ref: b609977fb14b1f6da23d14a3537b24a1621a7a56 vpn-documentation/SOURCE_ROUTING.md -rw-r--r-- 4.5 KiB
b609977fFrançois Kooman additional comments 4 months ago

#title: Source Routing description: Setup Source/Policy Routing category: advanced


There are a number of situations to do source routing or policy routing.

  1. You already have a dedicated NAT router, i.e. CGNAT ("Carrier Grade NAT");
  2. You have a (layer 2) connection to the target location from your VPN box where the VPN traffic needs to be sent over, i.e. when the VPN server is located outside the network where the traffic needs to go.

These require that you do not send the traffic from the VPN clients over the VPN server's default gateway.

Luckily, it is relatively easy to fix. We document this for CentOS (and Fedora). We created a physical test setup similar to what you see below.

                          | Router |
                               |            |
      .--------.          .--------.
      | Client |--------->| Switch |<-------------------------.
      '--------'          '--------'                          |
  VPN IP:           ^                              |
                               |                              |
                               |                              |
        |       |
                        .------------.                     .-----.
                        | VPN Server |-------------------->| NAT |
                        '------------'                     '-----'


  1. Your VPN clients get IP addresses assigned from the and fd00:4242:4242:4242::/64 pools, the VPN server has and fd00:4242:4242:4242::1 on the tun0 device;
  2. A network connection between the VPN box and the NAT router exists through another interface, e.g. eth1:
    • the VPN box has the IP addresses and fd00:1010:1010:1010::100 on this network;
    • the remote NAT router has the IP addresses and fd00:1010:1010:1010::1 on this network;
  3. You installed the VPN server using deploy_centos.sh or deploy_fedora.sh.
  4. The network where you route your client traffic over has static routes back to your VPN server:
    • There is an IPv4 static route for via;
    • There is an IPv6 static route for fd00:4242:4242:4242::/64 via fd00:1010:1010:1010::100;

#Source Routing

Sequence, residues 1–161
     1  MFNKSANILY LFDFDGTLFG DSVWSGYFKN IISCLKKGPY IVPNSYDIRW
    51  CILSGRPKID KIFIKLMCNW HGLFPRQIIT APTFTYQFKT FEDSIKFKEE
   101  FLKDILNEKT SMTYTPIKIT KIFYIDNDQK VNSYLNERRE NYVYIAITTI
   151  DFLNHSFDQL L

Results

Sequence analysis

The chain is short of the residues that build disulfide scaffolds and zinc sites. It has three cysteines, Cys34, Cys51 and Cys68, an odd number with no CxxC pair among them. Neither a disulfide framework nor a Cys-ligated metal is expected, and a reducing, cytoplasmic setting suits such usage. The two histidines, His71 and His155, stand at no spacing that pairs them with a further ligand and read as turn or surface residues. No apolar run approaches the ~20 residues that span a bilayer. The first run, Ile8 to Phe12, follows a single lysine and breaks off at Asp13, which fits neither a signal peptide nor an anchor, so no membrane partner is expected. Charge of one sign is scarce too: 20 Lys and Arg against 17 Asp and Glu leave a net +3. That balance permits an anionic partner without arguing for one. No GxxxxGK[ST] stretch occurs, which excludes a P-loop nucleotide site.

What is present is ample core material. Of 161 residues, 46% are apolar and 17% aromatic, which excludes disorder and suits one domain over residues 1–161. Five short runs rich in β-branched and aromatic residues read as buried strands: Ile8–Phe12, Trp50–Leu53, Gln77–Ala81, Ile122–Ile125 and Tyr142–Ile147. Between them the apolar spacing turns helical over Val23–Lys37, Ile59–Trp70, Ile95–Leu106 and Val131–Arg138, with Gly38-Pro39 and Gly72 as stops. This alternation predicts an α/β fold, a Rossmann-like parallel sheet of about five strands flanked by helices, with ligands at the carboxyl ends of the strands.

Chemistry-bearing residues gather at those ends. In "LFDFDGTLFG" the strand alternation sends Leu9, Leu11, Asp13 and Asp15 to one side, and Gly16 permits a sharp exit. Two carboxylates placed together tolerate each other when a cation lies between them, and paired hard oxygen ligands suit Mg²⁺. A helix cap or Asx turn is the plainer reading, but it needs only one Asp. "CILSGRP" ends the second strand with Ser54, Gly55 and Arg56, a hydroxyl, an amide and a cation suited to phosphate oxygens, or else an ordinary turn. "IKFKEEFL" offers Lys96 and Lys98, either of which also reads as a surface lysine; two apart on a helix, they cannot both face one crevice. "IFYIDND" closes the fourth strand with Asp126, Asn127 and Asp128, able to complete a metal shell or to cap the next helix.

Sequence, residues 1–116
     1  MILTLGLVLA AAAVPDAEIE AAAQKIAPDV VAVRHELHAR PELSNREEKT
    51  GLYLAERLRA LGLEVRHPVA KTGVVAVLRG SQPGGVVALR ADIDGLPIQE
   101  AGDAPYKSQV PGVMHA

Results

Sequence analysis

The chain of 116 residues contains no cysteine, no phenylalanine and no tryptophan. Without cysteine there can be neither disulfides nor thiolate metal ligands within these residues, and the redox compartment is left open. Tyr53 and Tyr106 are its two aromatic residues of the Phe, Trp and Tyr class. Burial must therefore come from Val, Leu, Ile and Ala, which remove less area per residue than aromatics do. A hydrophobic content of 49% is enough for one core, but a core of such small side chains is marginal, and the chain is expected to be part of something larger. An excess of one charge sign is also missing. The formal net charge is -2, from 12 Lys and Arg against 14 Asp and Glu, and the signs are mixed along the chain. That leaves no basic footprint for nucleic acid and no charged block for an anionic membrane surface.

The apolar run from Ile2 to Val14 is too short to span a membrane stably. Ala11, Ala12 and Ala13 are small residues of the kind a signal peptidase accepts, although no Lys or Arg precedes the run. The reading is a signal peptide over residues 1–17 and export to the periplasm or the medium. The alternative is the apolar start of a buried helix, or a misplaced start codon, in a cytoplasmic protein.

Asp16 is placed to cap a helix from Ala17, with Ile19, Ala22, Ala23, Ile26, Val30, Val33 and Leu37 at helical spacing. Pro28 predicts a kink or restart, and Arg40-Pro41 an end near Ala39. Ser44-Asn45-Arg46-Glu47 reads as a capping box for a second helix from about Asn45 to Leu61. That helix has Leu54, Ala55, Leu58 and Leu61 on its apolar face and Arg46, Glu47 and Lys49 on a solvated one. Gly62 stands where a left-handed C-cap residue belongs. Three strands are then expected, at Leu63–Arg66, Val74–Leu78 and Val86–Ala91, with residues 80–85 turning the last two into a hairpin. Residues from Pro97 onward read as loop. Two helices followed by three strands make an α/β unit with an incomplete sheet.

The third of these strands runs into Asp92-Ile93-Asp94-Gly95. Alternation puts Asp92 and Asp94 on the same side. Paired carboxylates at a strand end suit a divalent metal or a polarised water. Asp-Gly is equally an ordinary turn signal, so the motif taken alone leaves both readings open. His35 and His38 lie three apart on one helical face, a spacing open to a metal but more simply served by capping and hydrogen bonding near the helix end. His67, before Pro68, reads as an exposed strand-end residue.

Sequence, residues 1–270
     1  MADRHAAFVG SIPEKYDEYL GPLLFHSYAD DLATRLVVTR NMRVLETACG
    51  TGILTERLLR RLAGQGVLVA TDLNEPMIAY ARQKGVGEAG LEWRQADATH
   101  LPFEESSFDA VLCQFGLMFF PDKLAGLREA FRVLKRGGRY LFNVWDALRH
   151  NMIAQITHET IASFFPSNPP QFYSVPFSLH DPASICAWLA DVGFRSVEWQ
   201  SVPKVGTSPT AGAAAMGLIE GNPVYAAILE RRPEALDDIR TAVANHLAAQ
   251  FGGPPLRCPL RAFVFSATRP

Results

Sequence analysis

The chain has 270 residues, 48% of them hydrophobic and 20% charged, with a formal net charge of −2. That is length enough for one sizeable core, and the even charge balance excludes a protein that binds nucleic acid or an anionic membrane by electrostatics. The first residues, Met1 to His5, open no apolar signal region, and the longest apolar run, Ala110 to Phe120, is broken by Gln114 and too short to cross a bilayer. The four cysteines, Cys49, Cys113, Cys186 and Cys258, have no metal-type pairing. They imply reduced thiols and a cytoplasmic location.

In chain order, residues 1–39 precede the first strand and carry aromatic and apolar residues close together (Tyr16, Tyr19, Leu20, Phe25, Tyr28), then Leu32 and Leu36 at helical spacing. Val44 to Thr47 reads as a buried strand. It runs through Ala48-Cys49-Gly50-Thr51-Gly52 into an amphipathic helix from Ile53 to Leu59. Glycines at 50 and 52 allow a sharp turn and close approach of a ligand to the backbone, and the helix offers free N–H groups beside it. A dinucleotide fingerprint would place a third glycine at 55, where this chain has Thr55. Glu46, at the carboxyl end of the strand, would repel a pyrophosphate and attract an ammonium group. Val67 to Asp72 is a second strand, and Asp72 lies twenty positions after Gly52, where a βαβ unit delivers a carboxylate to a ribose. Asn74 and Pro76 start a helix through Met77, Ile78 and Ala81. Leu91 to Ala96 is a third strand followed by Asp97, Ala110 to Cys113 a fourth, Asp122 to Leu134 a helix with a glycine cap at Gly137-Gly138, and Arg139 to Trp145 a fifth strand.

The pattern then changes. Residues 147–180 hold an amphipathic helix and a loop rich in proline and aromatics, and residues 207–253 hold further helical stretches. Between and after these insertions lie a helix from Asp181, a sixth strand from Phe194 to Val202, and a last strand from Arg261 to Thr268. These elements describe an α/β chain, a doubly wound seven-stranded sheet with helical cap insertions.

We'll need to add a new routing table in /etc/iproute2/rt_tables, e.g.:

200     vpn


First we test it manually, before making these rules permanent:

$ sudo ip -4 rule add to lookup main
$ sudo ip -4 rule add from lookup vpn
$ sudo ip -6 rule add to fd00:4242:4242:4242::/64 lookup main
$ sudo ip -6 rule add from fd00:4242:4242:4242::/64 lookup vpn

The to rules are needed to make sure traffic between VPN clients uses the main table so traffic between VPN clients remains possible (if allowed by the firewall).


First we test it manually before making these routes permanent:

$ sudo ip -4 ro add default via table vpn
$ sudo ip -6 ro add default via fd00:1010:1010:1010::1 table vpn

#Making it permanent

# echo 'to lookup main' >/etc/sysconfig/network-scripts/rule-eth1
# echo 'from lookup vpn' >/etc/sysconfig/network-scripts/rule-eth1
# echo 'to fd00:4242:4242:4242::/64 lookup main' >/etc/sysconfig/network-scripts/rule6-eth1
# echo 'from fd00:4242:4242:4242::/64 lookup vpn' >/etc/sysconfig/network-scripts/rule6-eth1
# echo 'default via table vpn' > /etc/sysconfig/network-scripts/route-eth1
# echo 'default via fd00:1010:1010:1010::1 table vpn' > /etc/sysconfig/network-scripts/route6-eth1

When you use NetworkManager you need to install the package NetworkManager-dispatcher-routing-rules.noarch.

It is smart to reboot your system to see if all comes up as expected:

$ ip -4 rule show table vpn
32765:	from lookup vpn 
$ ip -4 ro show table vpn
default via dev eth1 
$ ip -6 rule show table vpn
32765:	from fd00:4242:4242:4242::/64 lookup vpn 
$ ip -6 ro show table vpn
default via fd00:1010:1010:1010::1 dev eth1 metric 1024 pref medium


See the firewall documentation on how to update your firewall as needed.